Prolimatech Genesis CPU Heatsink: Retaking the Crown

Cooling
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Board Cooling Comparison

Prolimatech Genesis vs. Noctua NH-C14
(2 x Noctua NF-P14 fans)
Fan Voltage
SPL@1m
°C Rise
NB*
VRM*
Prolimatech Genesis
12V
30 dBA
24
16
9V
22 dBA
28
20
8V
19 dBA
30
24
7V
16 dBA
31
27
6V
13 dBA
35
28
Noctua NH-C14
12V
29 dBA
11
12
9V
21 dBA
24
14
8V
18 dBA
28
15
7V
15 dBA
30
20
6V
12~13 dBA
38
24
°C Rise: Temperature rise above ambient (21°C) at load.
*NB and VRM temps taken with an IR thermometer from the hottest portion of each heatsink.

The Genesis doesn't do too badly against the top-down cooler Noctua NH-C14, at least at lower fan speeds. Using the same NF-P14 fans, the down-blowing C14 kept a small lead over the Genesis in both VRM and Northbridge cooling, particularly at 8V and below, which is where most SPCR users will set the fan speeds. The Genesis measured a touch louder, despite using identical fans though, likely because of turbulence effects due to fan orientation. (Editor's Note: A single decibel difference is pretty hard to hear, though.)

Dual 14cm Fan Heatsink Comparison Table

CPU °C Rise Comparison (Noctua NF-P14 reference fans)
Heatsink
Fan Voltage / SPL*
8V
7V
6V
18~19 dBA
15~17 dBA
12~14 dBA
Prolimatech Genesis
(Red Vortex 14 LED fans)
 
34 (9V)
37 (7V)
Prolimatech Genesis
36
37
39
Noctua NH-C14
37
39
41
Thermalright Silver Arrow
37
39
41
Noctua NH-D14
38
40
42
*Note: Minor differences in measured SPL arise from the variety of fan orientations of the compared coolers.

Ultimately the Genesis proved to be the best CPU heatsink we've tested, edging out the NH-C14 and the Thermalright Silver Arrow by a couple of degrees. It performed even better with the Prolimatech Red Vortex fans, which outpaced the Noctua NF-P14's by 2~3°C. Incidentally, these fans retail for US$12, significantly less than the NF-P14's which start at about US$20.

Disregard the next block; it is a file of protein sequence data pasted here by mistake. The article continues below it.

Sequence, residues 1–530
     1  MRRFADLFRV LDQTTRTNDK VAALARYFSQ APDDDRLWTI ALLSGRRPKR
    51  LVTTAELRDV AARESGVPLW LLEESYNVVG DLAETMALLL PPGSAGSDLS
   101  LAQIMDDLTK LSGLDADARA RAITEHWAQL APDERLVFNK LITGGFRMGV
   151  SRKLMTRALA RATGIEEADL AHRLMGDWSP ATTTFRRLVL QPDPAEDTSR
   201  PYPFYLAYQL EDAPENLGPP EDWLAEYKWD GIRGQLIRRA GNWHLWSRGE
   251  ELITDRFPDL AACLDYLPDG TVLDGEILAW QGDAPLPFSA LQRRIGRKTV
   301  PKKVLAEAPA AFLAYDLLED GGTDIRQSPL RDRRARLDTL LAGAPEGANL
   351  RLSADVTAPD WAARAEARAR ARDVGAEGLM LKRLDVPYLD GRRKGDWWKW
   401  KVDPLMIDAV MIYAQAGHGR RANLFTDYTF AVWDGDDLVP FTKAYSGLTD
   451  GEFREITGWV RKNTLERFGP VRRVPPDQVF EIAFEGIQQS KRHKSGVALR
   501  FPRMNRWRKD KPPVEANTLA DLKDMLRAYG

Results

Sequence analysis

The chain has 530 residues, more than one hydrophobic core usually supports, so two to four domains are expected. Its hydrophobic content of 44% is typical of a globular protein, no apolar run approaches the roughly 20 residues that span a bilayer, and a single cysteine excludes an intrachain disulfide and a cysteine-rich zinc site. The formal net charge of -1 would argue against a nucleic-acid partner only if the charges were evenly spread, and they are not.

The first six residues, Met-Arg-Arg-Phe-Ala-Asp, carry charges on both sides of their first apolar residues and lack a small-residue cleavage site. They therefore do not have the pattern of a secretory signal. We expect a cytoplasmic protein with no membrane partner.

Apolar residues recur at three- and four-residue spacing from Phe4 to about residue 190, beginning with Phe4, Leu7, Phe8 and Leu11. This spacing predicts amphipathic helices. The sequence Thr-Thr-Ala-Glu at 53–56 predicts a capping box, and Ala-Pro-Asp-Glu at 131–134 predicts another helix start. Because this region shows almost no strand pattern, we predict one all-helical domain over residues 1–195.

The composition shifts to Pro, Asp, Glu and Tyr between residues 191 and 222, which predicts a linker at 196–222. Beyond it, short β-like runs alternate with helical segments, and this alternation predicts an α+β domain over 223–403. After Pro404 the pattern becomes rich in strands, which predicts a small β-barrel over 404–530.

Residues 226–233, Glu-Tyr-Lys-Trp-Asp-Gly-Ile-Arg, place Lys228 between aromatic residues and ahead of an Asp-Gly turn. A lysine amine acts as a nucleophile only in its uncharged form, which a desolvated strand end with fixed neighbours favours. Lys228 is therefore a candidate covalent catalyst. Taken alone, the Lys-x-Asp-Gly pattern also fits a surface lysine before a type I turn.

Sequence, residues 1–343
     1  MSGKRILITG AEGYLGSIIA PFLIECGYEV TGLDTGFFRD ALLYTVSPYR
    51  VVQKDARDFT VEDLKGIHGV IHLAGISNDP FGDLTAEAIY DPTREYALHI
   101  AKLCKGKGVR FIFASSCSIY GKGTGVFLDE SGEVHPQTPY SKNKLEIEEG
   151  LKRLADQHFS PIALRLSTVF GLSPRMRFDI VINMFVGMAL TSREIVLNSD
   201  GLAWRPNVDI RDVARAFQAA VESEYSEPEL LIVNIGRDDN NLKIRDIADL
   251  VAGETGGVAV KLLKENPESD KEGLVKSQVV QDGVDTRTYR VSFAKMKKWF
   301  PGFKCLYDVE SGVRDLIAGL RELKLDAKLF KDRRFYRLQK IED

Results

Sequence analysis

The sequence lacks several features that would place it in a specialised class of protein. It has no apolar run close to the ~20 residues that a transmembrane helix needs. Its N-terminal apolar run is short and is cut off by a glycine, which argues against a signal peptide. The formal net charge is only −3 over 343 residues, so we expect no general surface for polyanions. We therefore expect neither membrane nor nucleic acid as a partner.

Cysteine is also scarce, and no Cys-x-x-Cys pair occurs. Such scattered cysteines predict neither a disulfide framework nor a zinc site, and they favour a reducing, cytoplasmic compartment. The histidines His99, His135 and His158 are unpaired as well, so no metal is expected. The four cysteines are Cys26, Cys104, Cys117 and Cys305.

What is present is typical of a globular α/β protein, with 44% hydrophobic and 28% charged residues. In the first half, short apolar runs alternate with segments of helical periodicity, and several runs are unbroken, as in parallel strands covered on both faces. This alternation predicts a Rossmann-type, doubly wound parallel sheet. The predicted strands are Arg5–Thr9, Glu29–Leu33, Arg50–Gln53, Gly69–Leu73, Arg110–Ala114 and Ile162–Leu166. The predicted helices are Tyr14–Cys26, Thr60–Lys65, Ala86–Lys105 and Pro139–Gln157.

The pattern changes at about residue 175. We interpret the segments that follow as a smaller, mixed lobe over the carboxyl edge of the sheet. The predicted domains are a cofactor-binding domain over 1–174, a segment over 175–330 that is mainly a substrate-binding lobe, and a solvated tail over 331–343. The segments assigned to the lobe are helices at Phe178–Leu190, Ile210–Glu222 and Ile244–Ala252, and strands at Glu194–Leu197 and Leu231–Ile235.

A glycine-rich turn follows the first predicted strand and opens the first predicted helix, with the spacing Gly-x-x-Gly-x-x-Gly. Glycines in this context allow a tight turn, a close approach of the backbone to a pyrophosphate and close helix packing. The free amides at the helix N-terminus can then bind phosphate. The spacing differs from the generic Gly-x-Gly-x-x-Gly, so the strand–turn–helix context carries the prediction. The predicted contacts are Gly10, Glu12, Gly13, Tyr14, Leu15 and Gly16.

MP3 SOUND RECORDINGS

These recordings were made with a high resolution, lab quality, digital recording system inside SPCR's own 11 dBA ambient anechoic chamber, then converted to LAME 128kbps encoded MP3s. We've listened long and hard to ensure there is no audible degradation from the original WAV files to these MP3s. They represent a quick snapshot of what we heard during the review.

The recordings are intended to give you an idea of how the product sounds in actual use — one meter is a reasonable typical distance between a computer or computer component and your ear. The recording contains stretches of ambient noise that you can use to judge the relative loudness of the subject. Be aware that very quiet subjects may not be audible — if we couldn't hear it from one meter, chances are we couldn't record it either!

The recording starts with 5~10 second segments of room ambiance, then the fan at various levels. For the most realistic results, set the volume so that the starting ambient level is just barely audible, then don't change the volume setting again.



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